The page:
The newest addition to the collection of the Military Aviation Museum is an SNB-1. At the end of November Chief Pilot Mike Spalding flew the aircraft from California all the way to Pungo, Virginia. The Navy version of an AT-11 Kansan, this sometimes overlooked warbird had an outsized impact on the war. The AT-11 was the standard bombardier trainer for the US Army Air Forces during World War II and was used to train around 90% of the more than 45,000 bombardiers trained during the war. An AT-11 pilot himself, John Hess was instrumental in helping the museum find a Kansan for the collection.
In wartime, the AT-11/SNB would typically have been equipped with 10x 100lb M38A2 practice bombs filled with sand. The Army Air Forces required a minimum accuracy of 22% hits for a trainee to pass the program. While the Norden Bombsight and Bombardier-controlled C-1 Autopilot were capable by the standards of the day, the pilots flying the aircraft were instructed to take evasive maneuvers for the 10 miles preceding their arrival over the training target. Using the same systems that were present in aircraft like the B-17 and B-24 made the AT-11 a very high-quality bombing run simulator.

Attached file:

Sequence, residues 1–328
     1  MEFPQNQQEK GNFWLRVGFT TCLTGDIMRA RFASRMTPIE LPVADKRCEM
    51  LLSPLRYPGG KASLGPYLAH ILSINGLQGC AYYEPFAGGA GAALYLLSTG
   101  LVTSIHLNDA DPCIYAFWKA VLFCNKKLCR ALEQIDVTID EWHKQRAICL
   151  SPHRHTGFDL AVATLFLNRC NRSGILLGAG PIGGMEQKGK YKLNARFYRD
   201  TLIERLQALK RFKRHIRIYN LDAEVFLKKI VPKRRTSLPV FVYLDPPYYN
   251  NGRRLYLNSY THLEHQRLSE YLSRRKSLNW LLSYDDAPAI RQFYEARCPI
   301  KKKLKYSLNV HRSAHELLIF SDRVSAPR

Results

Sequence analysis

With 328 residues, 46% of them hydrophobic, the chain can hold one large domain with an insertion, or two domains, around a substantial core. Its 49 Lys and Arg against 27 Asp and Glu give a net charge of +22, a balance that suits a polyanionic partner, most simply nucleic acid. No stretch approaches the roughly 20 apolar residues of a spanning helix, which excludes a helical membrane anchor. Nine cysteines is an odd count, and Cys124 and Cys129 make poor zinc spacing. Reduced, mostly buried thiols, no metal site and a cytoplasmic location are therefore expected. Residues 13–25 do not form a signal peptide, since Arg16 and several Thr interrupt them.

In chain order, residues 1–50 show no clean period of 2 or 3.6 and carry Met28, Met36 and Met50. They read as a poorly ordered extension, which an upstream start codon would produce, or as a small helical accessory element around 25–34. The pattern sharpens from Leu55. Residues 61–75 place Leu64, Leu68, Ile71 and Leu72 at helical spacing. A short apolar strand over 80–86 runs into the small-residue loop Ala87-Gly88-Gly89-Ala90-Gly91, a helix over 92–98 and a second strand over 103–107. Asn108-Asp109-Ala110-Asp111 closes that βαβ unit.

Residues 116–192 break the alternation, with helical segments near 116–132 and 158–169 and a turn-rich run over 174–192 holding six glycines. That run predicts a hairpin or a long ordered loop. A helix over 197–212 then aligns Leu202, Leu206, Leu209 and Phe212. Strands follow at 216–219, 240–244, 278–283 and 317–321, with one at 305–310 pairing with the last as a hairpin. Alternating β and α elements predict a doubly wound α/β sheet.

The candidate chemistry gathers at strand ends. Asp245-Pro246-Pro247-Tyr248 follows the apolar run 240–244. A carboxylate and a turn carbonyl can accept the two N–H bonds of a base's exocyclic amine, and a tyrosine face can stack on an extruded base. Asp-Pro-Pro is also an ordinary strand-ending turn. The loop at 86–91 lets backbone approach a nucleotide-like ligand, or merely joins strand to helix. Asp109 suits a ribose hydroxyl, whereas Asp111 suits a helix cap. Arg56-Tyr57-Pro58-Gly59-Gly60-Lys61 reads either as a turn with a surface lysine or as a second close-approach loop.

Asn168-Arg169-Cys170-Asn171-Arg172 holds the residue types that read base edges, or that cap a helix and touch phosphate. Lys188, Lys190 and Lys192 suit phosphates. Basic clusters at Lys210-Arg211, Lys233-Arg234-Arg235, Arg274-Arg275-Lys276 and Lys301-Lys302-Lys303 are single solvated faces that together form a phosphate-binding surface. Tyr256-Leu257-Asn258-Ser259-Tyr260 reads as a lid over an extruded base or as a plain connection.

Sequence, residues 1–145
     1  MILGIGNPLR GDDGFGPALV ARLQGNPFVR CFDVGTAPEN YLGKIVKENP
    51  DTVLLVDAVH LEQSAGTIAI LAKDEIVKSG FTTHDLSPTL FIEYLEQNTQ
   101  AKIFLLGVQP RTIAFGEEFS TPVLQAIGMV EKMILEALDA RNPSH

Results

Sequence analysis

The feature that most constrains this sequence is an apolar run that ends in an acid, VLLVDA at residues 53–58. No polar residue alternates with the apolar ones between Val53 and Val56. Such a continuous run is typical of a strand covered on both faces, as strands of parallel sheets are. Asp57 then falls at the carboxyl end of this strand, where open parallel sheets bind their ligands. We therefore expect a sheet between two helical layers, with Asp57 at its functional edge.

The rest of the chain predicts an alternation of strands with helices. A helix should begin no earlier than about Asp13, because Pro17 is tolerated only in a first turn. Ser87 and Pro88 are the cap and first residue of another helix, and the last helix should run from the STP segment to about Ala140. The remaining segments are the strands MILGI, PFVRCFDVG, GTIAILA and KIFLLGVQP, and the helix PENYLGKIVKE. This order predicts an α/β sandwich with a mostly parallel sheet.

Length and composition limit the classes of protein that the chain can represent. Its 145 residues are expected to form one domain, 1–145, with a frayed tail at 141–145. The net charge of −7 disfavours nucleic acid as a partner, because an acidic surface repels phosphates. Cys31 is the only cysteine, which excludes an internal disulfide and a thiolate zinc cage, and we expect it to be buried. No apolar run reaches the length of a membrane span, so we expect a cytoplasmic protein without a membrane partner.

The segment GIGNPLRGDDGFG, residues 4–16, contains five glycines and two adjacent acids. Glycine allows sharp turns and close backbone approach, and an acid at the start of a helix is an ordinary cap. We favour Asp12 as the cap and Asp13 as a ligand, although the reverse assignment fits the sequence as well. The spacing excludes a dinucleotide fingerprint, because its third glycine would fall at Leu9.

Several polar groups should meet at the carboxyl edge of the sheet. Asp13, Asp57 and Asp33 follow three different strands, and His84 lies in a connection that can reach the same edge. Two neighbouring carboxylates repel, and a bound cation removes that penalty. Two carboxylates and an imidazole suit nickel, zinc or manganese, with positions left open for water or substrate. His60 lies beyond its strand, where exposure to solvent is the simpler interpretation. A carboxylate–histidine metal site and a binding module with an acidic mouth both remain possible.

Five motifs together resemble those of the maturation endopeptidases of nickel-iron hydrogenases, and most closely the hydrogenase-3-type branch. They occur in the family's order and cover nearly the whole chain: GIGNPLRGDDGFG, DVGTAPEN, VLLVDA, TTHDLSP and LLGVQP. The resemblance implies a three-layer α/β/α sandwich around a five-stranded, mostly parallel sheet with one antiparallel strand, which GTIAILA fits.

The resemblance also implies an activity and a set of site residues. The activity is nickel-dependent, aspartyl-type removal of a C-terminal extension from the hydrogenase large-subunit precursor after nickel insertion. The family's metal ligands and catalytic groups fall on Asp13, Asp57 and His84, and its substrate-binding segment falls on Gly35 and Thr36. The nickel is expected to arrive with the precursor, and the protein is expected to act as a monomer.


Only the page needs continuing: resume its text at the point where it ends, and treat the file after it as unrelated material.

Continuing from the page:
The Military Aviation Museum has exciting plans for their SNB-1, and while the airplane has been officially welcomed to the collection, it will be receiving some much-needed TLC over the next few months. The airplane has spent some time outside in California, and although airworthy is not display-ready. The museum’s aircraft is BuNo 39926, and was accepted for US Navy service on March 27, 1943 with its first duty station being NAS Corpus Christi, Texas. As restoration continues on the aircraft we will certainly be sharing more information.
For more information about the Military Aviation Museum, visit www.militaryaviationmuseum.org.